The Virgin Islands was re-elected last Thursday as the vice chair of the Caribbean Development and Cooperation Committee, a subsidiary body of the United Nations Economic Commission for Latin America and the Caribbean.

At the 28th session of the CDCC, Premier Andrew Fahie was chosen on behalf of the VI for the territory’s third consecutive two-year term in the role, according to Government Information Services.

A GIS statement explained that the VI’s re-election was based on Mr. Fahie’s advocacy within ECLAC regarding the sustainable development of smallisland developing states, including the 15 associate members of the regional commission.

Cuba and Dominica were also elected as vice chairs.

Responsibilities

In his role, the premier will support newly elected CDCC Chairman Camillo Gonsalves, the St. Vincent and the Grenadines minister of finance, economic planning, sustainable development, and information and communications technology.

That responsibility will include providing support in advancing the CDCC’s agenda as the region grapples with Covid-19 and calls for international support and other solutions, according to GIS.

Mr. Fahie is also expected to co-chair a proposed summit of associate members of ECLAC next year to discuss their challenges, progress and needed support to implement the UN 2030 Sustainable Development Agenda, which has been impacted by Covid-19 and other developments, GIS stated.

“I am humbled by our region’s confidence in me, and the BVI as an associate member country of ECLAC, to serve as a vice chair of CDCC during these very challenging times in which we as SIDS are all combatting Covid-19, facing an active hurricane season, and under intense economic pressure,” Mr.Fahie said.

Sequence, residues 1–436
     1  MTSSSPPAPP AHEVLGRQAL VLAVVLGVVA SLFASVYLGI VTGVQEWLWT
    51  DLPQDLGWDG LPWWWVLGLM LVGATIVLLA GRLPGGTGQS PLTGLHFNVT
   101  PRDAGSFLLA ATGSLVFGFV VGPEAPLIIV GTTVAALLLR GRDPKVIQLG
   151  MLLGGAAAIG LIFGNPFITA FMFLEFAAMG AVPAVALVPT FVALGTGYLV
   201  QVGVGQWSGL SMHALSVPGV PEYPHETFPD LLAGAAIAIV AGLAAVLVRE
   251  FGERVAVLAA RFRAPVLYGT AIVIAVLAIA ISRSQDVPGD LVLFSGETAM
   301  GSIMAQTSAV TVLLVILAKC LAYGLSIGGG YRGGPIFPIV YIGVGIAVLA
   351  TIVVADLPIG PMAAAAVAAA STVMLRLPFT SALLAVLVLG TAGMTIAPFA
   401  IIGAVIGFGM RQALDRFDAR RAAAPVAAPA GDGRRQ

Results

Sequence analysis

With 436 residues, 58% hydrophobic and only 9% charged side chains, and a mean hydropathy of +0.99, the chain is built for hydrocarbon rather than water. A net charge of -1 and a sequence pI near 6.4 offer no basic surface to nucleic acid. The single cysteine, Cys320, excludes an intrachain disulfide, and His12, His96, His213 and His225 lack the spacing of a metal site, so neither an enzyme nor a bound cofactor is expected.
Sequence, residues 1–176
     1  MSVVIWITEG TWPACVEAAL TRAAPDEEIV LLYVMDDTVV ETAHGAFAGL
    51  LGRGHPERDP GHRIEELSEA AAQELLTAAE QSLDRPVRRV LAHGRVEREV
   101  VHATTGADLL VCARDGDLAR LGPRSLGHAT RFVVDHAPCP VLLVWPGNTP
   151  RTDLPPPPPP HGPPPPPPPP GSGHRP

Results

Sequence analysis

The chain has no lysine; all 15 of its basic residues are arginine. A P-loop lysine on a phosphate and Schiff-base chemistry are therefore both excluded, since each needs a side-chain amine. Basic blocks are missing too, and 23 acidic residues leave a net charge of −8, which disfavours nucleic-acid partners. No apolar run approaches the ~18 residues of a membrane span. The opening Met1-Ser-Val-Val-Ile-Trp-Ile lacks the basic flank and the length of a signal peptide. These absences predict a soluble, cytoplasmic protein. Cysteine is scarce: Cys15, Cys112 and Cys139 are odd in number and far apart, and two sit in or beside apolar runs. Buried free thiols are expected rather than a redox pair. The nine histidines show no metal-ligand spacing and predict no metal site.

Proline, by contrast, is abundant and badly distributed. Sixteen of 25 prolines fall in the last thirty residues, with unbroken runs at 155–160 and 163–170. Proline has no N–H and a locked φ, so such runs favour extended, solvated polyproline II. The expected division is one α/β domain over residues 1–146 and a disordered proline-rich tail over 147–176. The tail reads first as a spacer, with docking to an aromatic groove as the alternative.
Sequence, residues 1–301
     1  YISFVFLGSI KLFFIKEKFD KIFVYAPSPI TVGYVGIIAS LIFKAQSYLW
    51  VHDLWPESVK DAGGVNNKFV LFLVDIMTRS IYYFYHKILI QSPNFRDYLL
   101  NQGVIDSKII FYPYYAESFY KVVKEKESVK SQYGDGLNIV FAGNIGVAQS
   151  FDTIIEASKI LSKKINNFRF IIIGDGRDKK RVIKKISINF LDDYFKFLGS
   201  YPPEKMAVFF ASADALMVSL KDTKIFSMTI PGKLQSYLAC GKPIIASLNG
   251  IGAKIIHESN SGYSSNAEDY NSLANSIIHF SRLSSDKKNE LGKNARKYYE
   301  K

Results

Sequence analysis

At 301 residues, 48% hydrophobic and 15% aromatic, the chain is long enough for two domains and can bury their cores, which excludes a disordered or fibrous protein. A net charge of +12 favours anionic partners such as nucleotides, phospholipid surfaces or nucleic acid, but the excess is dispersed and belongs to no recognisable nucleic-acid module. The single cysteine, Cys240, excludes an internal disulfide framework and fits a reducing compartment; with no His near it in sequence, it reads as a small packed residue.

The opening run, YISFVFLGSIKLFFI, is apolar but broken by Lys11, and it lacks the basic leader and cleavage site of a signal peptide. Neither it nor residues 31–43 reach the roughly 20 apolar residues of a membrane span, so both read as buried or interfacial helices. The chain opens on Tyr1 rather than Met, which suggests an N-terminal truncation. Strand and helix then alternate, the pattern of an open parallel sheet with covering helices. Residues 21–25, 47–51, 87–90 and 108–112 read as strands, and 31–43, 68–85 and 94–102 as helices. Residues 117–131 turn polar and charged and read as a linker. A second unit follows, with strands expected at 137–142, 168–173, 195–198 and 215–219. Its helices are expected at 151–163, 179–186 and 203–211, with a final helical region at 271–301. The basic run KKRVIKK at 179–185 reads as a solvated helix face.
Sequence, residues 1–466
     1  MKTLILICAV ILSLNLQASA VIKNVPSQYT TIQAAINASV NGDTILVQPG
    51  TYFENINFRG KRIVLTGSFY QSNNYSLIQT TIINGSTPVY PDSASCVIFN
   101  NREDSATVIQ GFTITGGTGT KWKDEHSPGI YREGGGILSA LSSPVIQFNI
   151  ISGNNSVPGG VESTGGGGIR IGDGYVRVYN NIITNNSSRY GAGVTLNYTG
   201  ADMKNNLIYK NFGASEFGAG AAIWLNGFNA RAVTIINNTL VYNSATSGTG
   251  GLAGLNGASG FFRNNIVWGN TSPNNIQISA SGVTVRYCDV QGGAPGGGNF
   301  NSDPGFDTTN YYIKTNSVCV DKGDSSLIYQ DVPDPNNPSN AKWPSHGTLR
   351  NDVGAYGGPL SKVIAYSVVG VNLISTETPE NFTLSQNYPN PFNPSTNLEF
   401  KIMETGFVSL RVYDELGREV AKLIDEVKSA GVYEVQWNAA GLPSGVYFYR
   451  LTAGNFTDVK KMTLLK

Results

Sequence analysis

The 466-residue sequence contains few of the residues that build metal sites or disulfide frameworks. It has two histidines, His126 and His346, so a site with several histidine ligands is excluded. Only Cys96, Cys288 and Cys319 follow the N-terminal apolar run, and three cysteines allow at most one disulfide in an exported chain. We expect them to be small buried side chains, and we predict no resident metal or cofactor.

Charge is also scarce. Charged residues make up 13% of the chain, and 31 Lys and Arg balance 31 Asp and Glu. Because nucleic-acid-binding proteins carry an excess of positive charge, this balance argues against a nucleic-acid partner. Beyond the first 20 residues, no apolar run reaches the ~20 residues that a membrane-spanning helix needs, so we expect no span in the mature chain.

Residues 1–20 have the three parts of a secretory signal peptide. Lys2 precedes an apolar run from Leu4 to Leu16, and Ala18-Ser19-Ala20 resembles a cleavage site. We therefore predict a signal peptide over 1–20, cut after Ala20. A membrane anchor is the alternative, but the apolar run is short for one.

Other meetings

The premier also attended the virtual sixth meeting of the Caribbean Development Round table last Thursday.

While delivering a statement during the session, he stressed the need for the Caribbean’s external partners to consider the vulnerability of small island developing states that remain at high risk from climate change.

“I genuinely hope that vulnerability will emerge as the leading criterion in determining assistance to SIDS, regardless of income level,” he said. “The Organisation for Economic Co-operation and Development’s Official Development Assistance rules remain too rigid when it comes to eligibility for financial assistance after a catastrophic event such as we experienced in 2017.”

Ahead of meetings of the CDCC and CDR, Mr. Fahie also attended the UN virtual High-Level Meeting of Finance Ministers on Sept. 8 to discuss “financing for development in the Covid-19 era,” according to GIS.

He was joined at the meetings by Financial Secretary Glenroy Forbes; Premier’s Office Permanent Secretary Dr. Carolyn O’Neal-Morton; Premier’s Office Deputy Secretary Elvia Smith-Maduro; International Affairs Secretariat Director Najan Christopher; and his special envoy, Benito Wheatley.


ADVERTISEMENT